But then, as I try to close my eyes, my ears catch the sound of a girl yelling obscenities out in front of the lobby. (My room was the first door from the lobby, wouldn't you have it.) I couldn't tell what was going on. Was a customer complaining? Was a staff berating an underling? Was it a fight between a woman and her boyfriend? Or what? All I know is that things got kind of heavy, because I start hearing people slamming stuff down, slamming doors. Geez! What in the world is happening! This went on for a few minutes. Finally it ended and there was quiet. But I was just sitting in my bed in the dark thinking "WTF just happened." I rationalized it with "I'm in China, this is a different country, different world, different ideas of 'normal.' This is just the way it is around here. People yell at each other and it's perfectly OK." Finally close my eyes and I'm fast asleep.
Morning in Shanghai
It's dark and I can't sleep any longer. I could see some light peering through the crack between the curtains. I wonder what time it is? My iPhone says 5:30, and I remember I must have fallen asleep at about 9pm last night. "Meh, that's about 8 hours," I thought. "Time to get up." Curious to see what it looks like outside, I sneak my head through the curtains. "Wow. This is China's sky." I thought. I look around, and I could see a high-rise building here and there. My eyes look lower, and they stop at a horizon of broken glass bottles. HAH! This is just as I have seen in Mexico; the hotel is surrounded by a concrete wall, and as a security measure, there are broken bottles cemented in place, in case thieves try to break in. That, combined with the metal cage around the window can't fail! Outside there is about two or three meters of free space between the wall and the window, like some sort of back yard. Just outside was a decrepit clothes hanging apparatus, along with the air conditioning unit for my room. And that's about all there was to see outside my window. I wasn't expecting anything big; I did choose the cheapest hotel I could find.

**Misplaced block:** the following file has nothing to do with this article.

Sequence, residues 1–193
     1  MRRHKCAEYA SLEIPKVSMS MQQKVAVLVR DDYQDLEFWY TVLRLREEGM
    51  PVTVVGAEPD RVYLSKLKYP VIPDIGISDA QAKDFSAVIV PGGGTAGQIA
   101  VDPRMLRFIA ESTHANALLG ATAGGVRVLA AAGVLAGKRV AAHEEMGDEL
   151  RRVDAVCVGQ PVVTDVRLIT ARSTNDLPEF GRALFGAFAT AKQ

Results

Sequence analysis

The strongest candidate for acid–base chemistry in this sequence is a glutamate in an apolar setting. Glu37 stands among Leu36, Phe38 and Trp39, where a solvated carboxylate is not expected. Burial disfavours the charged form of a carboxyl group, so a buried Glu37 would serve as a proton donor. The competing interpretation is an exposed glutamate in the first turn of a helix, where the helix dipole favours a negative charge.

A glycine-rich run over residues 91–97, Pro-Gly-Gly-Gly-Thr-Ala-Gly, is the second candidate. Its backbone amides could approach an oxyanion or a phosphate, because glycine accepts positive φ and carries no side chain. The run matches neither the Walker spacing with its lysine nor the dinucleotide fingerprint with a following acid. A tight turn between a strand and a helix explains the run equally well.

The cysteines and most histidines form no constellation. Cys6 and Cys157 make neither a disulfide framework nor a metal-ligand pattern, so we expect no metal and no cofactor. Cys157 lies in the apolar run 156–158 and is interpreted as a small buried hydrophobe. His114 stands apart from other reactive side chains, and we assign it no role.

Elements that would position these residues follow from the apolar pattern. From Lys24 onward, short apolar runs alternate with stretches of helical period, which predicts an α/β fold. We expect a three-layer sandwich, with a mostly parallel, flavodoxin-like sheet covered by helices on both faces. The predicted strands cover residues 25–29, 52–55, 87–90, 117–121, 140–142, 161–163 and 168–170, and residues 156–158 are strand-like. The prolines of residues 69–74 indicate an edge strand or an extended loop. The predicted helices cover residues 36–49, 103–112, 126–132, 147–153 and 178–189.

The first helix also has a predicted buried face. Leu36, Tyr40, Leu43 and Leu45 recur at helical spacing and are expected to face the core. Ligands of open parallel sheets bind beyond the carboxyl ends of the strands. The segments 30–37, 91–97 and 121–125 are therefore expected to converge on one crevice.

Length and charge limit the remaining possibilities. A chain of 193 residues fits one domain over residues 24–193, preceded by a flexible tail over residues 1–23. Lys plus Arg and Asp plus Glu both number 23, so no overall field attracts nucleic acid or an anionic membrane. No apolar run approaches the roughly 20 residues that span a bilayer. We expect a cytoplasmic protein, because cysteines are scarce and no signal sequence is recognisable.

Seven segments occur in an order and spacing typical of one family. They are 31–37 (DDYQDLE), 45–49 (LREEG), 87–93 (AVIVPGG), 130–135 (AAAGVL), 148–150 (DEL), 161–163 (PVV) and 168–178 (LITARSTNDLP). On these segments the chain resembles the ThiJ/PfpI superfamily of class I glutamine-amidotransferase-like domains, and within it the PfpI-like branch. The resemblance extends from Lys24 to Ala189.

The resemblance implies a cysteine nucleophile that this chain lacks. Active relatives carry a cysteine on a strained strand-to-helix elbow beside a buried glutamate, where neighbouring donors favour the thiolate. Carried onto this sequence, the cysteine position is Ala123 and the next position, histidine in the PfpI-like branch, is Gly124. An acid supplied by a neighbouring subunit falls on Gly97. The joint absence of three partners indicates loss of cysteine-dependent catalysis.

Through my heat-tech tights and shirt, I could feel the winter chill, so I decide to use the heater function on the air conditioning unit installed in the room. Slowly but surely, the room begins to warm up. I decide I need to take a shower before figuring out how I'm going to take on the day. I undress, leave my heat-tech top and bottom on the bed, turn on the restroom light and fan, go in and test the water to make sure it's a comfortable temperature. Once it's just right, I do like Goldilocks and jump right in. As I stand under the shower head, I get this strange feeling; I'd never showered without curtains right next to the toilet before. Water was splashing on the toilet, but the cover is just such that the water falls over and off of it, leaving the seat under it dry. With the water running, I grab a towel from the rack suspended above the toilet. The water doesn't touch the towels because the stream aims well below the rack. Wouldn't it be a shame if someone took the shower head and aimed it at the rack... :-D